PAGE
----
Skip to main content

Advanced Search

Advanced Search

Current Filters

Filter your query

Publication Types



Newsletter Article


Will Docs Tune in to Comparative Effectiveness Studies?

By John Reichard, CQ HealthBeat Editor

September 18, 2009 -- With Congress poised to spend possibly billions of dollars in coming years on research to help doctors identify the most worthwhile medical treatments for various conditions, how doctors respond to that research is key to the hopes of policy makers that it will "bend the curve" in health spending growth. An analysis released Friday at a meeting of the Medicare Payment Advisory Commission (MedPAC) made clear that while doctors are receptive to the studies, how they are carried out, written, and distributed will determine how much impact they have.

The research will only be useful if doctors know about it and find it "accessible" and credible, said MedPAC staffer Joan Sokolovsky. The staff findings were based on six focus groups MedPAC staff conducted with doctors in Baltimore, Chicago and Seattle in July and included a mix of primary care and specialty physicians.

"In general, the current initiatives are not well understood by practicing physicians," she noted. Perhaps the most surprising finding from the groups was that some doctors do not want any information comparing medical treatments for the same condition, Sokolovsky said.

Those who were opposed to the research said they got all the information they needed from journals, conferences, and drug sales representatives and expressed worry that the research would lead to "cookie cutter" medicine not properly adapted to the needs of individual patients, the staffer said. These physicians worried that the studies would lead to mandatory guidelines from the government and private insurers about how they should practice medicine. And they said personal experience was sufficient to make treatment decisions.

But Sokolovsky said those doctors were in the minority. The majority welcomed more comparative effectiveness research, or "CER," saying they lacked data to help them pick which of the varying approaches to treating the same medical condition works the best.

They wanted data comparing drugs, devices and medical procedures and said treatments now considered as "best practices" were not always based on medical evidence. But they said comparative studies needed to take into account the fact that subpopulations might respond differently to the same treatment.

They also expressed concern about the costs of the studies and what impact they might have on medical innovation, though one point of view was that the studies would spur rather than lessen innovation because they would result in fewer "me-too" products not shown to have distinctive value.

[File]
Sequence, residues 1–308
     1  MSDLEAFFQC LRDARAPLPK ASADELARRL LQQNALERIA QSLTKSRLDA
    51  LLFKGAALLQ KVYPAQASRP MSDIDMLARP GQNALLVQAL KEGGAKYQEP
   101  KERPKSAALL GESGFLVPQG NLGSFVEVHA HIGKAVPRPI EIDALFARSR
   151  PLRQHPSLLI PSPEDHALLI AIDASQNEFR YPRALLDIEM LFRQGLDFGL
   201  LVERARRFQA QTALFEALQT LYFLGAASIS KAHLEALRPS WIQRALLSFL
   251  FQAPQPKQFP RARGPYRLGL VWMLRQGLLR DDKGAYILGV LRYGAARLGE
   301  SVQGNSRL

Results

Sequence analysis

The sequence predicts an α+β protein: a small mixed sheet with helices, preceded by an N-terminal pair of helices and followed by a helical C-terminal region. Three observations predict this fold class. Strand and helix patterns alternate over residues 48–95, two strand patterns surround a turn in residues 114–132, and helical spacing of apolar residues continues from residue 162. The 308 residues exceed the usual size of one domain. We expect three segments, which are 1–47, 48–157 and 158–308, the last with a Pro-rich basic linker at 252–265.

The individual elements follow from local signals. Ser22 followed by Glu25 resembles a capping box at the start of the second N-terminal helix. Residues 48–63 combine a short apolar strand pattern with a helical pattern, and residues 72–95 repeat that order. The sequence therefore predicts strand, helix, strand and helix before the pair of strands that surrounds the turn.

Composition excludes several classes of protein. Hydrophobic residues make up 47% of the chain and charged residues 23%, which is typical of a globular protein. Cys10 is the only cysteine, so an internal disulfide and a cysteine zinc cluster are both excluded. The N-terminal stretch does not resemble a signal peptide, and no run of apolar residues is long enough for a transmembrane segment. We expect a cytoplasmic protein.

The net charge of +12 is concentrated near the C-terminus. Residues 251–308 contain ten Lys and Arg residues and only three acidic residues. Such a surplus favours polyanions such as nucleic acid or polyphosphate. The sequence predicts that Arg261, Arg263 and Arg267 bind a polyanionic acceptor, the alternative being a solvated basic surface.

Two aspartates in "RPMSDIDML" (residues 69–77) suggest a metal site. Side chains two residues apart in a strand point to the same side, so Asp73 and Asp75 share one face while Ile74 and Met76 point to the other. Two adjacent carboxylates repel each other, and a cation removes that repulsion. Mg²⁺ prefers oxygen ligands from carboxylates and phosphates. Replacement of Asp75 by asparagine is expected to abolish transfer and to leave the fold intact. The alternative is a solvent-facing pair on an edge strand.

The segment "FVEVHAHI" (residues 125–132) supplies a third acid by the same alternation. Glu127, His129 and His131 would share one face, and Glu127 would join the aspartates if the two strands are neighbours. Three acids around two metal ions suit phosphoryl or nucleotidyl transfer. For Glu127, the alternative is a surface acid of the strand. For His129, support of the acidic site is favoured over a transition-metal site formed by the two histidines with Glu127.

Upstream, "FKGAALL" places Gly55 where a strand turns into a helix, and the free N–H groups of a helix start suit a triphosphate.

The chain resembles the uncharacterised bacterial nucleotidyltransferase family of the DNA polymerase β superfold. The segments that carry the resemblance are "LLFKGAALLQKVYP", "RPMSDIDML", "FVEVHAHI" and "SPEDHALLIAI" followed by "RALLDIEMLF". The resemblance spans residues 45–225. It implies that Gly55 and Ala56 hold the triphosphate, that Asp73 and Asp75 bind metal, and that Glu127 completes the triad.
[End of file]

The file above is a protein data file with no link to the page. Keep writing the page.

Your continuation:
Doctors wanted the study descriptions to be concise and easy to read, with the ability to dig deeper if they wanted more data. And results should be written in a way that they can be read via e-mail using Blackberries and similar devices.

Trusted sources of comparative effectiveness research included not just specialty societies but also the Food and Drug Administration, the National Institutes of Health, and the Centers for Disease Control and Prevention. But the general view of doctors in the focus groups was that all research has biases—that "even the government could be biased toward less expensive treatments," Sokolovsky said. "Transparency" is key; doctors said researchers must report conflicts of interest, and details on research design, study methods and all results from a study.

The analysis found, too, that doctors wanted the studies to focus on high-priced, new technologies before they are widely diffused in clinical practice.

While doctors in the groups wanted more data from head-to-head comparisons of treatments, the emerging federal research agenda as recommended by the Institute of Medicine is lighter on those studies than some analysts expected.

Staff noted that a list of the 100 highest-priority research topics released by the Institute of Medicine in June was light on head-to-head comparisons of treatments. Half of the topics evaluate some aspect of the of the health care delivery system, a third address racial and ethnic disparities and a fifth address patients' functional limitations and disabilities, the analysis found.

MedPAC Executive Director Mark Miller said "we expected to see a lot more drug-drug, device-device, medical-treatment-versus-surgical" treatment comparisons in the IOM topics. Miller expressed curiosity about commissioner reactions to the topics.

"I had exactly the same response to the IOM list," replied commissioner Thomas M. Dean, a South Dakota family practice physician. "I was really surprised at how vague or kind of non-focused that some of the recommendations were and I certainly expected. . .much more specifics and at least from a clinical point of view that's what we would need," he said.

"We can't make good decisions if we don't get good data," he said.

MedPAC Vice Chairman Francis J. Crosson, an executive with the Kaiser Permanente Medical Group, observed that the studies have greater impact in Kaiser medical groups if they come from close peers. "Physicians tend to trust the judgments of individuals in their own specialty who have strong reputations," he said. Kaiser has tried to use those types of individuals not just to promulgate findings but to develop them he said.

It would be useful to have expert panels "standing behind" the recommendations from the research, Crosson counseled. Often physicians "turn right to the back page and say, 'Okay, whose recommendation is this?' and they look for a name they can trust."

Publication Details